A big challenge is the supply chain. At Black Hat, I heard someone who is very deep in the supply chain talk about a vulnerability that wasn’t just one or two levels into a supply chain but multiple levels in. We need to really pay attention to the fact that all our products sit in someone else’s supply chain, and we’re all accountable to one another for security up and down that supply chain.
We’re just starting to grasp that complexity. If you think about a mission-critical energy grid, of course you want to make sure that the whole supply chain feeding that system is safe and secure. But how deep are we looking in the supply chains?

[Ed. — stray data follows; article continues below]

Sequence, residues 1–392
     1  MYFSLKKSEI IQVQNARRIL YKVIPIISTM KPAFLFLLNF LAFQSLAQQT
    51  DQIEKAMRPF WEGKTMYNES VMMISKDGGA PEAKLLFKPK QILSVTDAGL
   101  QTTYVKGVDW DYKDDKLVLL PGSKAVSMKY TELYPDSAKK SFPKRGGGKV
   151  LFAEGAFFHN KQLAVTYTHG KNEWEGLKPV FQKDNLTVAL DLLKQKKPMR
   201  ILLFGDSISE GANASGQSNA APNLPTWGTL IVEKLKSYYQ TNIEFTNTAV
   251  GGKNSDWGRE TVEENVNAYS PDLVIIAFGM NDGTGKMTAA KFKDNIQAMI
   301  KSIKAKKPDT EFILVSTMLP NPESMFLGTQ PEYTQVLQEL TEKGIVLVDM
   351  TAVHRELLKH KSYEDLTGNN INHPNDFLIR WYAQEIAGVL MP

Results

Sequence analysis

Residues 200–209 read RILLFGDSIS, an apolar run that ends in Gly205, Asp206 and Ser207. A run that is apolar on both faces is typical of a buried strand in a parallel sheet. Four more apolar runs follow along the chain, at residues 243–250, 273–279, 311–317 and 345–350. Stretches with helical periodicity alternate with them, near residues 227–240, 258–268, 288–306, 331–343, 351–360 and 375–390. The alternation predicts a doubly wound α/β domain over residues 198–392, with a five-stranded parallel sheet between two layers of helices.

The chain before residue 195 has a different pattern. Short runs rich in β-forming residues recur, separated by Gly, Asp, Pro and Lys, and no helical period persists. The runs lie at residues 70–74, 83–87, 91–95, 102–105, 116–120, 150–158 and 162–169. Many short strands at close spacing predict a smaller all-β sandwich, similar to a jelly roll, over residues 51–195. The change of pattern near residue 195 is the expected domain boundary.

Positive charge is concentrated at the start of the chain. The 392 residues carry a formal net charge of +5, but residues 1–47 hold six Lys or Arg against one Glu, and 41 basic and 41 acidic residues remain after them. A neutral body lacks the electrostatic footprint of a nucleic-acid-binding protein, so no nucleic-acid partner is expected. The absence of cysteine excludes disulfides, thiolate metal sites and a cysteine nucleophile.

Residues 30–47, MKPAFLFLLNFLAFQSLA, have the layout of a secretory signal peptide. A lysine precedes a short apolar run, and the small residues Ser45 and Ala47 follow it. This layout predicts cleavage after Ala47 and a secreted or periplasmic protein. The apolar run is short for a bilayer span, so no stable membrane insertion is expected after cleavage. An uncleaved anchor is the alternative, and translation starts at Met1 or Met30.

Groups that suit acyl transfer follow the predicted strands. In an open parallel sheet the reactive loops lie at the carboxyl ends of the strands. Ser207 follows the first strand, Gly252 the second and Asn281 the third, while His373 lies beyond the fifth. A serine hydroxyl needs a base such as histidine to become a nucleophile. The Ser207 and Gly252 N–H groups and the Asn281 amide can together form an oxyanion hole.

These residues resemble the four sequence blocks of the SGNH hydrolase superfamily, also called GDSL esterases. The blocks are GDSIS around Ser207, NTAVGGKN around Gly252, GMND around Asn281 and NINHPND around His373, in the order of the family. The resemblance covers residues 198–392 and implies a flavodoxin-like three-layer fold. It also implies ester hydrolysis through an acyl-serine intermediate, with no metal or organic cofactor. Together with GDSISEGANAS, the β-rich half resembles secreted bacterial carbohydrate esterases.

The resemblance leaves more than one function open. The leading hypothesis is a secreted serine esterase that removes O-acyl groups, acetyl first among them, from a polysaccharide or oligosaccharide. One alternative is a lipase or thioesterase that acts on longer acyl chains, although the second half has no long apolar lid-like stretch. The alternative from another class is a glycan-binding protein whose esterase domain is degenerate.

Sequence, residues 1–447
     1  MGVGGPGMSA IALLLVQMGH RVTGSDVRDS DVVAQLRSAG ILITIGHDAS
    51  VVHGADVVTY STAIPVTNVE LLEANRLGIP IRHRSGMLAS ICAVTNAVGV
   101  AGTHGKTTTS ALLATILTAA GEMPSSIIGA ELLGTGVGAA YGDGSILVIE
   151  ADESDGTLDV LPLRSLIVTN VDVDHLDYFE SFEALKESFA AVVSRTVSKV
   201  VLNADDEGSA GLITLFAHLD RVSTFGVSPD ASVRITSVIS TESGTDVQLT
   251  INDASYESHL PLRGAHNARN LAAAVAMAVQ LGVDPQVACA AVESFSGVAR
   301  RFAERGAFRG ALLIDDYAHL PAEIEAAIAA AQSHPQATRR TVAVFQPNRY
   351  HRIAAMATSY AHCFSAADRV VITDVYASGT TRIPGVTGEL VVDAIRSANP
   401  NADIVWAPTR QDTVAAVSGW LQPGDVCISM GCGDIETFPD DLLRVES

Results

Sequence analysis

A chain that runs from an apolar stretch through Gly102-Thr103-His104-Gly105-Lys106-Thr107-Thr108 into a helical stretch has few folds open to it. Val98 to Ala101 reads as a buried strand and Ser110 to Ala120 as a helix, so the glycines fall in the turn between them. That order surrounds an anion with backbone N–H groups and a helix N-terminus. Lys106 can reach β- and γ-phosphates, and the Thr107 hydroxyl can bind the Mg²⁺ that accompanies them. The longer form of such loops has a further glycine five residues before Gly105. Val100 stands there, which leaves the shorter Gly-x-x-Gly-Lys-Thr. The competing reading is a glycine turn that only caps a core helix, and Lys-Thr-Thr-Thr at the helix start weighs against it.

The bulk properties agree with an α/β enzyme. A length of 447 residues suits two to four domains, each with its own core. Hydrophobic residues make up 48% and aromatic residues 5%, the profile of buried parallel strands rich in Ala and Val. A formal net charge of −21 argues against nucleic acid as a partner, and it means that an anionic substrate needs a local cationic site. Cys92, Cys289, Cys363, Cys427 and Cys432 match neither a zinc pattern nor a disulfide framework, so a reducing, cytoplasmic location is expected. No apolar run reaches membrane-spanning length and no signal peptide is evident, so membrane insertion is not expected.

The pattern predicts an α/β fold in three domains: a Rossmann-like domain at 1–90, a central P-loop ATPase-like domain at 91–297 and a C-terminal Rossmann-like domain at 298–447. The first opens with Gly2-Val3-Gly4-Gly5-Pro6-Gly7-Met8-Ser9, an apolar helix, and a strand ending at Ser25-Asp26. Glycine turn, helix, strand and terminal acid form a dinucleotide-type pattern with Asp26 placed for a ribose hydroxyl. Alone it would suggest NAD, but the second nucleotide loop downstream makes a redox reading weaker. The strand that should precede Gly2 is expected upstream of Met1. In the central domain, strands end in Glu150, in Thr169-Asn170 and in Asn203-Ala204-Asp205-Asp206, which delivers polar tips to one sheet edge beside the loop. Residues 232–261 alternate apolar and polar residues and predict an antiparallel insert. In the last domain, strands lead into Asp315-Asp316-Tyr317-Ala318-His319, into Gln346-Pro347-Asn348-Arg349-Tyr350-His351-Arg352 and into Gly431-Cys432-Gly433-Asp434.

Part of addressing that challenge is having better standards. Part of it is having more sophisticated testing. Maybe part of it is doing a tighter job in the contracts up and down the supply chain in terms of really specifying security expectations. We live and work in a global world with a very complex and deep set of supply chains that all have to stack up and provide a measure of security.
Another challenge is the many basic issues we’ve talked about, like letting in someone who’s trying to walk into your building behind you, or simple adherence to coding standards to build more safe and secure software. While we’re intrigued by esoteric and complex vulnerabilities, during Cybersecurity Awareness Month, let’s also remind ourselves of the basics.
Do you have any advice on how to prevent or mitigate security threats?
There’s a host of solutions out there in the marketplace, and a number of great companies are looking to help automate detection and mitigation of security threats. We have to count on technology to address security challenges.